Saturday’s surprise attack on Saudi Arabia’s Abaqaiq oil facility in Buqyaq has sent crude oil prices sharply higher. There are estimates of up to 5.7 Million Barrels per Day (MMB/D) of lost output. For perspective, the last two big drops in crude oil, in 2008 and 2014-16, were caused by around 2% excess supply. The lost Saudi output, half of what that country produces, represents around 5% of world demand.
It’s unclear how long it will take to repair the damage. Estimates are at least several weeks. Saudi Arabia has assured buyers that deliveries will be augmented from crude kept in storage.
Regardless of where crude prices go, owning energy infrastructure in the U.S. looks a bit smarter (see U.S. Insulated From Possible
Supply Shock After Saudi Attack). U.S. production is decentralized, making it virtually impossible for a single attack anywhere to disrupt a significant portion of output. And while terrorism remains a relentless threat, the U.S. has shown it is able to protect its vital assets.
Although crude oil prices will initially provide a lift to the perennially downtrodden midstream energy infrastructure sector, we think investors will reassess sources of energy supply based on stability. This should provide more enduring support to a business that is wholly based in North America, far removed from the world’s unstable regions and increasingly the world’s marginal producer.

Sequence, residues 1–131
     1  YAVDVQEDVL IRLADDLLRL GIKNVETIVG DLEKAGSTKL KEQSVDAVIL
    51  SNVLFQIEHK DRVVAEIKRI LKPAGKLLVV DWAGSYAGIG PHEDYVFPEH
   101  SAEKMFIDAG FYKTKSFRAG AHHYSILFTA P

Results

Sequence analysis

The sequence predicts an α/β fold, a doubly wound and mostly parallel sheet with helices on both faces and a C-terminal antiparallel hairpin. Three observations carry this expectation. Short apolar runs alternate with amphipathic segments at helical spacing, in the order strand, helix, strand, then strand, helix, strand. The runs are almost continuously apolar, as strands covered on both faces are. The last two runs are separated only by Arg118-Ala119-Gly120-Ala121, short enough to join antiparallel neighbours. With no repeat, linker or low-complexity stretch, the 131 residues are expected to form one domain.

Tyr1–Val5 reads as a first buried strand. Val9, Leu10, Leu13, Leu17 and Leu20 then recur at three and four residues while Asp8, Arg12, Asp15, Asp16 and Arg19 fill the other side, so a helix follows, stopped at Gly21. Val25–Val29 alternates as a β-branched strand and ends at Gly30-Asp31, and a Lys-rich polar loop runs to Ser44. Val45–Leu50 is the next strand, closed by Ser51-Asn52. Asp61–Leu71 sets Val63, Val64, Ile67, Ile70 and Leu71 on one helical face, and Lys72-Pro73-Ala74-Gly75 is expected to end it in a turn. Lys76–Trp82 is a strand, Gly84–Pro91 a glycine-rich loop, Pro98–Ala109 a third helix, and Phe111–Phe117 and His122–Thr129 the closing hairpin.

Much of the world’s energy comes from politically unstable parts of the world (see Investors Look Warily at the Persian Gulf). The Shale Revolution has provided America with more geopolitical flexibility to pursue its aims without worrying about OPEC cutting supplies (see U.S. Plays Its Foreign Policy Hand Freed From Oil). Growing domestic production gives America greater control over its economy (see Shale Security).
Midstream energy infrastructure, which supports American energy independence, is a clear beneficiary of the weekend’s news.